I believe that true transformation is a result of life’s events and their impacts on your mind and emotions. These events, whether they be the death of a family member or friend, the birth of a sibling, niece or nephew, moving to a new school, getting a new job, taking a trip to a distant city or country, or a graduation, bring inevitable change in how you think, feel, and work as a human being. The epiphanies that follow the aftermath of these events aren’t as fleeting as resolutions made during New Year’s, changes you’ll promise you’ll make now that you’re a year older, starting a new school year, or even starting the next week (you know what I’m talking about: “I’ll start tomorrow”). Instead, life’s events change us slowly without our knowledge and the realization that we’ve changed essential mannerisms and ways of thinking comes long after we cease to recognize ourselves as the people we once used to be.
“And even though we may be involved with the most important affairs, achieve distinction or fall into some great misfortune – all the same, let us never forget how good we all once felt here, all together, united by such good and kind feeling as made us, too, …perhaps better than we actually are.” – Fyodor Dostoyevsky
In high school, it was easy for me to get caught up in myself: what I was doing, what I had to do as far as college and school work, and what other’s thought of me. So, it wasn’t often that I felt connected and could relate to my classmates, which made me feel isolated and different throughout most of my high school experience.
Now, it’s easy for me to say that graduation was my favorite day of high school, because I could finally relate to my peers. Sitting in wooden folding chairs, ignoring the tickling of the tassel against my cheek, anticipating my diploma, and thinking of the bright future away from high school’s cinderblock walls, I felt like everyone else. The atmosphere was euphoric and the sentimentality of the night was not lost on me. I smiled at classmates I may have only talked to once. I gave dozens of hugs. And I took many pictures (more than I’ve ever taken at one time before) as if I never thought of myself as not photogenic.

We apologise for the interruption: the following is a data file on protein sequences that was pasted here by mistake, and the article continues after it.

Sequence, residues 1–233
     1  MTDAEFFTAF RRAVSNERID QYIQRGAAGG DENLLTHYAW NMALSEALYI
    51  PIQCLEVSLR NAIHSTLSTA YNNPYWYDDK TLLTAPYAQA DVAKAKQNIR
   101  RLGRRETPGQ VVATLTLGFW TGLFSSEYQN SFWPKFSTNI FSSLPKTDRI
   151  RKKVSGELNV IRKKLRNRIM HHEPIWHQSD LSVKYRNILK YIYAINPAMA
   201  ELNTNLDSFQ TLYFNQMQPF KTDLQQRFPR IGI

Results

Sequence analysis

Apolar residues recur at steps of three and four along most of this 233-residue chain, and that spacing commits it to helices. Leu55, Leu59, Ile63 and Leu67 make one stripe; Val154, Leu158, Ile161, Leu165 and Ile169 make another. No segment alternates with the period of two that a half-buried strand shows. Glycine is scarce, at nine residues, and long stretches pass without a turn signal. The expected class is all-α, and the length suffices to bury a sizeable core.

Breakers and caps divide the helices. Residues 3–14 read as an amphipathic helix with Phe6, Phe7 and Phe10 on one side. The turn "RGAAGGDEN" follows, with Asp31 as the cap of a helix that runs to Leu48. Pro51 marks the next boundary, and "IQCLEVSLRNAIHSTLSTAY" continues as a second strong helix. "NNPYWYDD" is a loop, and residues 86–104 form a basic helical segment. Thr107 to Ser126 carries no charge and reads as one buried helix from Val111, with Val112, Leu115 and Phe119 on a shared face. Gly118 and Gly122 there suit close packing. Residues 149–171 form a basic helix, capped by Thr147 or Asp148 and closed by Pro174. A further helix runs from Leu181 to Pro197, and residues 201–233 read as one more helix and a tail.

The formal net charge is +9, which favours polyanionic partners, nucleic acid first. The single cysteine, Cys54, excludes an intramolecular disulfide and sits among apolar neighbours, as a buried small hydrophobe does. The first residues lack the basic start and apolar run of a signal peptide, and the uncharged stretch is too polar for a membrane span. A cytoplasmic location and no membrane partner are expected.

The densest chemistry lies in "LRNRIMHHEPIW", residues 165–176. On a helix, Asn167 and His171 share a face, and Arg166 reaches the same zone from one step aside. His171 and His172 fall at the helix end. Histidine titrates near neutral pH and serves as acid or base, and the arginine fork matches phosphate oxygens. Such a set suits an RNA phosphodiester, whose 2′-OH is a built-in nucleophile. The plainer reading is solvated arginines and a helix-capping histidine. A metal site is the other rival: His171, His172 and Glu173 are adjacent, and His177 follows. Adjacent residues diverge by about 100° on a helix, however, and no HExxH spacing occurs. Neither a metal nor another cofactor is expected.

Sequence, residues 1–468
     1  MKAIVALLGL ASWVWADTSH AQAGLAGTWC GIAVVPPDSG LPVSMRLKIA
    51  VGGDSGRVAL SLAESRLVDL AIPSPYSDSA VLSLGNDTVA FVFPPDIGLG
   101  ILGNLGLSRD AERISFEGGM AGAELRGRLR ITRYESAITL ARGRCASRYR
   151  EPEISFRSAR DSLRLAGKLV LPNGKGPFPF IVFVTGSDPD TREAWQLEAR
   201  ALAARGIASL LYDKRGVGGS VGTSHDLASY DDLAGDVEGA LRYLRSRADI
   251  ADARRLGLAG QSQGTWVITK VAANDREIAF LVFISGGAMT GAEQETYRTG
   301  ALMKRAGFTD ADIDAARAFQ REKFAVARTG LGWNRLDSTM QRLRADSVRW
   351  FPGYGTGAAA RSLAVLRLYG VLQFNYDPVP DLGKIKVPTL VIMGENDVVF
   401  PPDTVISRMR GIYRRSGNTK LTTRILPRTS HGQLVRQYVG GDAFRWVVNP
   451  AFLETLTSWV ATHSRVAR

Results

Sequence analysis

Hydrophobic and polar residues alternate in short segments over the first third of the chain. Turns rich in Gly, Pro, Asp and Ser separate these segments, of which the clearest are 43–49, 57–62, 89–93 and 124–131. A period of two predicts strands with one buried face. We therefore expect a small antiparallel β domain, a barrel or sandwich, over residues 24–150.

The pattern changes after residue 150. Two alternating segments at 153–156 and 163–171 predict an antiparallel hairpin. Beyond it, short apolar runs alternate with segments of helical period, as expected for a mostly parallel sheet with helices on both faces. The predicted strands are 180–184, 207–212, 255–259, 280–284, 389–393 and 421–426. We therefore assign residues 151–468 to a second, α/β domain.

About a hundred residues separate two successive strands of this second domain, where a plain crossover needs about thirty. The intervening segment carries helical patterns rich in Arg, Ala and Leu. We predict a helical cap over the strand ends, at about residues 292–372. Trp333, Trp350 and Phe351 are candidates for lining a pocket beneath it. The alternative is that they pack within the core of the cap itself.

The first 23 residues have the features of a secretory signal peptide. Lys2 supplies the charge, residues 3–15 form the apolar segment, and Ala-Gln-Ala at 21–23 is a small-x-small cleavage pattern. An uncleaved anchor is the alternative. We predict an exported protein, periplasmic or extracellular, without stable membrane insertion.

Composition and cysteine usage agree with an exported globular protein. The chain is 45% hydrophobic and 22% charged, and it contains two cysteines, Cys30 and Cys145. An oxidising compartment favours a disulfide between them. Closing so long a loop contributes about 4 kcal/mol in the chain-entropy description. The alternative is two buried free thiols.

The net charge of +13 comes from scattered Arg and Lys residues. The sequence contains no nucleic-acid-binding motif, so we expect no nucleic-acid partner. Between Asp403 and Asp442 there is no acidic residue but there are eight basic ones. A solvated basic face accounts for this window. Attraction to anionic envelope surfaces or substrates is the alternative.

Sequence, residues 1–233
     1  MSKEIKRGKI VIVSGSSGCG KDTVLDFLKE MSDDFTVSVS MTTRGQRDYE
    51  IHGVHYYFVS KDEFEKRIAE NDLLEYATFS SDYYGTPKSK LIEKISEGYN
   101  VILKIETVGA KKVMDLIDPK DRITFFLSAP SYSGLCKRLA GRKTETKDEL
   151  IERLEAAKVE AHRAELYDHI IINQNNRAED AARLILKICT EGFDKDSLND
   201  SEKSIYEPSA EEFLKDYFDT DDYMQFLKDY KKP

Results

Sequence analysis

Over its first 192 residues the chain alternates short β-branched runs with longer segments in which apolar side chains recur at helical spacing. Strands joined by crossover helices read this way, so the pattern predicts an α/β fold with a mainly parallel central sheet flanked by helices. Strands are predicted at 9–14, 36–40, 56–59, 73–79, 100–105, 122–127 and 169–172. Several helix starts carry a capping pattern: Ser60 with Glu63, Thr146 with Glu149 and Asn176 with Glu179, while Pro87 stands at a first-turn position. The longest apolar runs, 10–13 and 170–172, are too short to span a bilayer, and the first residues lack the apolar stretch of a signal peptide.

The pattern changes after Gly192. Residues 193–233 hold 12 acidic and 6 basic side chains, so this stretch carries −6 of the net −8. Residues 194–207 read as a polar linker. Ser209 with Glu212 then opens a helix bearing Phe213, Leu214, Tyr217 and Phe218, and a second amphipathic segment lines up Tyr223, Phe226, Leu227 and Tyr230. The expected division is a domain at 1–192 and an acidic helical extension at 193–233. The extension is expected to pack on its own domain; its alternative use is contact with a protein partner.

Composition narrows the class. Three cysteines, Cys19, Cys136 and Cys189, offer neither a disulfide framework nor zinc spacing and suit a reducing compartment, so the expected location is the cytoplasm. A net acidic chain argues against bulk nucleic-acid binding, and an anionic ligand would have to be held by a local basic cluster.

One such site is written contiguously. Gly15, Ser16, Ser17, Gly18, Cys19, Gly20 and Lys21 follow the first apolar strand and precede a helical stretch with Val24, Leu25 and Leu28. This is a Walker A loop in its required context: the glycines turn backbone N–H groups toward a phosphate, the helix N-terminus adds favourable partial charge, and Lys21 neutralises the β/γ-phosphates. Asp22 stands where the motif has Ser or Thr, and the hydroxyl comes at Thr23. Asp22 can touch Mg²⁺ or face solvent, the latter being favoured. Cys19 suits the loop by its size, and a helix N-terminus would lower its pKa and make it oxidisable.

All of this I did blindly, not knowing that a year later I would be a different person.
I t may sound unusual, but I am extremely proud of my diploma. With it, I felt that I had something to show for 12 years of classes (both easy and difficult), friendships (both failed and continued), and memories (both bittersweet and special). And, I felt like I could let all of it go as I set it on my dresser, no longer having the negative aspects hanging over my head but at eye level where I could fully see and appreciate them and how they shaped me.
“You’re off to great places/ Today is your day/ Your mountain is waiting/ Go, get on your way!” – Dr. Suess
I went my own was as we all do after graduation, making a fresh start and taking on more responsibility than I ever thought I would right out of high school. But that’s what graduation is: the time before new stressors and adult tasks (living on your own, taking care of yourself, buying your own clothes, groceries, books, and forcing yourself to interact with people, go to class, and basically get out of bed in the morning) are thrust upon us without our permission or consideration.
I didn’t ask to be changed through the year after graduation, but it happened anyway, and I would like to say that I’m a better person for it.
Congratulations to all the graduates this year! But get ready, change is coming!